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Willow Creek council updated on operation of STARS

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STARS Air Ambulance continues to operate through the pandemic.

MD of Willow Creek council was updated on STARS Jan. 13 by Glenda Farnden of STARS who appeared as a delegation by video conference.

In a Powerpoint presentation it was stated through the COVID-19 pandemic the No. 1 priority has been maintain operations.

Personal protective equipment has been enhanced.

About 13 per cent of call volume is suspected/confirmed COVID cases which have been as high as 18 per cent of call volume.

STARS is funded primarily through fund-raising which accounts for 80 per cent of its funding. The other 20 per cent comes from government.

A total of 54 per cent of its expenditures go to aviation; 21 per cent to clinical operations; two per cent to education; 12 per cent to administration; three per cent to base operations; and nine per cent to dispatch and coordination.

STARS provides emergency response and coordination.

That includes an immediate safety net 24 hours a day, seven days a week; 24/7 live person contact; access to all available resources; and dispatching an appropriate level of response.

STARS transport physicians provide medical oversight and guidance; physician-to-physician consultation; orchestrating complex logistics; facilitating the appropriate receiving hospital; and supporting pre-hospital practitioners.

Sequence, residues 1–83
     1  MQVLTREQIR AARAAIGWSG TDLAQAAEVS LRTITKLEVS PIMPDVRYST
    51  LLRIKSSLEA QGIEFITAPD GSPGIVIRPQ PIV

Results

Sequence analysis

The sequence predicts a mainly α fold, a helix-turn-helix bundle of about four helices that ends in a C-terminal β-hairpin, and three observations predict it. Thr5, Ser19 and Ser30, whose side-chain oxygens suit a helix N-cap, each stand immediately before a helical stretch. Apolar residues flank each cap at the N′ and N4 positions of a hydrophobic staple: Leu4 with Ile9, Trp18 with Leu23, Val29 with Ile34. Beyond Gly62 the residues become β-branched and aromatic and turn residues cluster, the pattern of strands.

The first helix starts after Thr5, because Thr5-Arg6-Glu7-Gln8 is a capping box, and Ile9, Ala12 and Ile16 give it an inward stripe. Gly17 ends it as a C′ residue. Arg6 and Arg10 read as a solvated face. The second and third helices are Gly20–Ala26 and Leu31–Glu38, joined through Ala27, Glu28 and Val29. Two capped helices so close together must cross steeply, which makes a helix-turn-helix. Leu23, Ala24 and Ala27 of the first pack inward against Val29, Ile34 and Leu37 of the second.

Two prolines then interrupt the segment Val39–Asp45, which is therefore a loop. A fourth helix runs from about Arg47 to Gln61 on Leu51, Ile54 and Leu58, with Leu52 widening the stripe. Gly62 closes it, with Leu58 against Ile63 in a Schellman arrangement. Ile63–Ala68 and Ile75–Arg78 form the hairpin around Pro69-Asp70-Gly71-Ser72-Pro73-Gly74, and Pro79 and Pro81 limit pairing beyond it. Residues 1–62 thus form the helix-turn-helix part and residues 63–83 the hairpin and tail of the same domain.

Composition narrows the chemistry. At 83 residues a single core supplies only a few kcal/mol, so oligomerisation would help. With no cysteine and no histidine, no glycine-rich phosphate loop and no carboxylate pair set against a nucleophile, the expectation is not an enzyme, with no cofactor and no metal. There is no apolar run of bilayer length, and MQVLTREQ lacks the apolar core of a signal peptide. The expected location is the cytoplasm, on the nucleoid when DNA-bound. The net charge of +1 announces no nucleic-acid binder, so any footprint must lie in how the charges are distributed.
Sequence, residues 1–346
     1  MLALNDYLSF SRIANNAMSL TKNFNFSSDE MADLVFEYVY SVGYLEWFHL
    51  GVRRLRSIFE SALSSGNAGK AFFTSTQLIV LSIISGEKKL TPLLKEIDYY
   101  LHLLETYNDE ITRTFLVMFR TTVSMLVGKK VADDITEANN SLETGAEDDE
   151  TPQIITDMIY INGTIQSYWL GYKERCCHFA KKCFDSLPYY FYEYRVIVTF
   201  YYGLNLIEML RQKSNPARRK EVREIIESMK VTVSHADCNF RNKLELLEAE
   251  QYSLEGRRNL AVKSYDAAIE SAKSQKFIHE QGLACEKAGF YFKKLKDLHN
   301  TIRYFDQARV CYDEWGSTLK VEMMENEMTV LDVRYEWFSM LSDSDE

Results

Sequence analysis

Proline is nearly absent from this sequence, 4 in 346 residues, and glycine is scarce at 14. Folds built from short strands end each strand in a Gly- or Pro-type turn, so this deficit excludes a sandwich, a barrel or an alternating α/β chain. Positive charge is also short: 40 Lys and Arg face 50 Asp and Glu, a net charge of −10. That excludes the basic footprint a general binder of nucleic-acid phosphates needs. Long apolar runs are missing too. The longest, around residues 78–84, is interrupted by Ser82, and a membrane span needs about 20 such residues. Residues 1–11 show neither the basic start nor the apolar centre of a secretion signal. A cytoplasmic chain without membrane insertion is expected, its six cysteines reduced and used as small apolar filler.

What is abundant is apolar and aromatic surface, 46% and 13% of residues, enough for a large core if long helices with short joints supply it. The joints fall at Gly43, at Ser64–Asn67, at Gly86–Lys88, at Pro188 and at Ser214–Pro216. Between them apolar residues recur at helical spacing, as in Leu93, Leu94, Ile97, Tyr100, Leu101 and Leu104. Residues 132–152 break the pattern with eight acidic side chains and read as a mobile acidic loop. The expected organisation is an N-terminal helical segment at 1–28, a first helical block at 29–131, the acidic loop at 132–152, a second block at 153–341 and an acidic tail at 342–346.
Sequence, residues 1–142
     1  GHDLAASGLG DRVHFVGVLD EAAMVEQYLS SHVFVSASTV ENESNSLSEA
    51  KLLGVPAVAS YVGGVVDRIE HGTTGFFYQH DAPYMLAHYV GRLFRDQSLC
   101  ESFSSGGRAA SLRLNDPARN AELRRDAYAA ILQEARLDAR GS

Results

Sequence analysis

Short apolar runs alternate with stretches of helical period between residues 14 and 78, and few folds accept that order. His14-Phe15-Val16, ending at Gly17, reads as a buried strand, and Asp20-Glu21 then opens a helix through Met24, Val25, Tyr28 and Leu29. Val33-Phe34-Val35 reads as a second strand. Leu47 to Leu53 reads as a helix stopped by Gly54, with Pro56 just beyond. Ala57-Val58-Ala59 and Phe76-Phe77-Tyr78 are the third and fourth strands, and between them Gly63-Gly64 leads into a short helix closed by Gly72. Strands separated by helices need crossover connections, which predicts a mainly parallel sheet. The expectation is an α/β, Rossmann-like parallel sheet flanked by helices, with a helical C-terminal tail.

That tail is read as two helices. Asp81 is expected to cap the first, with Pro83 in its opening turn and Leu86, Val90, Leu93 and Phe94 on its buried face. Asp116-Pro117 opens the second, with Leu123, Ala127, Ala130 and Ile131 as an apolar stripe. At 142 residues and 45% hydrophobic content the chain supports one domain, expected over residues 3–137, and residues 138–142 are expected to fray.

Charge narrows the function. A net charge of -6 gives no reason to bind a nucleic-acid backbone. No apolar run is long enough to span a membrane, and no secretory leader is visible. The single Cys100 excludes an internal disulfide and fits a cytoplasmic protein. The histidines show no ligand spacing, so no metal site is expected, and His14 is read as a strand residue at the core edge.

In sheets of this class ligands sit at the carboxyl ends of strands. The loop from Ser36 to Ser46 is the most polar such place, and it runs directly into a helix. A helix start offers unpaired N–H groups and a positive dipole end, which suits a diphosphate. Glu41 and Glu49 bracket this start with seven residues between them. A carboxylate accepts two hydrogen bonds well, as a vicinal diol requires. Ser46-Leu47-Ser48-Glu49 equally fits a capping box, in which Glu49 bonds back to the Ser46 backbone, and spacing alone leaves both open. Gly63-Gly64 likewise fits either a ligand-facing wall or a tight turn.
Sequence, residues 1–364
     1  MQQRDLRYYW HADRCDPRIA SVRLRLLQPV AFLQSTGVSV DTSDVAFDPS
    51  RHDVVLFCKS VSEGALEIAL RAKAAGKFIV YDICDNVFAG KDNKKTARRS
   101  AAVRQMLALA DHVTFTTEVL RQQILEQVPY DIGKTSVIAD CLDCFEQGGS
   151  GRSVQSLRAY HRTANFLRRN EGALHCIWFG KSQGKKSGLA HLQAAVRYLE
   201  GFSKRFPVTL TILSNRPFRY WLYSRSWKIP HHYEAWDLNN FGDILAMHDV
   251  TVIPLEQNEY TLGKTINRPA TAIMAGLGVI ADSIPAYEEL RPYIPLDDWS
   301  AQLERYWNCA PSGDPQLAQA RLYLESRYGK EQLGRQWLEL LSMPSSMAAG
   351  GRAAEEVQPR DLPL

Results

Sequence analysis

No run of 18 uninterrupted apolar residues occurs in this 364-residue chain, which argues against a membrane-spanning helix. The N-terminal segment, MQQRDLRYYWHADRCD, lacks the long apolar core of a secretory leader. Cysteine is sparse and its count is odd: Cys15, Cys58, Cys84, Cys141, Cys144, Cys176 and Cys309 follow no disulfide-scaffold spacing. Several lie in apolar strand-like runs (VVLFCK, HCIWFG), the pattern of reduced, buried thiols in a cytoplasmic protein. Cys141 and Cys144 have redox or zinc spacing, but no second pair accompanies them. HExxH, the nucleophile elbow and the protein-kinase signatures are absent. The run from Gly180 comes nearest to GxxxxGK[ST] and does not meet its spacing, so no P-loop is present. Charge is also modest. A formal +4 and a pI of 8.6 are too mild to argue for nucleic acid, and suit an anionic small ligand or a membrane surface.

STARS has provided 47 Claresholm General Hospital inter-facility transfers since 2016, with five in 2020.

They have had 11 flights in the Claresholm area since 2016, with two in 2020.

STARS has provided 37 Fort Macleod Hospital inter-facility transfers since 2016, with four in 2020.

They have had 10 flights in the Fort Macleod area since 2016, with two in 2020.

They have had 28 flights in the Nanton area since 2016, with three in 2020.

They have had three flights in the Pearce area since 2016, with one in 2020.

They have had three flights in the Stavely area since 2016, with two in 2018 and one in 2016.

STARS continues to upgrade its fleet of helicopters with the Airbus H145 model.

As of July of 2019 three were operational with two more arriving in December 2020. Two more are set to arrive in Spring 2021.

These helicopters are five-bladed with increased lift and load capacities and will all have an identically equipped intensive care unit environment.

The campaign to fund the H145 fleet continues.

The cost is about $117-million for helicopters only at $13-million per helicopter, plus $18-million in associated costs such as intensive pilot and mechanic training; required pool pilot insurance coverage; and specialized tools and ground control equipment.

So overall it is a $135-million campaign.

So far, the Alberta and Saskatchewan government have each contributed $13-million. The federal government has contributed $65-million for five helicopters. There have been $13-million in corporate and individual contributions before the pandemic and $1 million in municipal fleet gifts.

There is also a possibility of selling older helicopters for $15-million, leaving $15-million yet to be raised.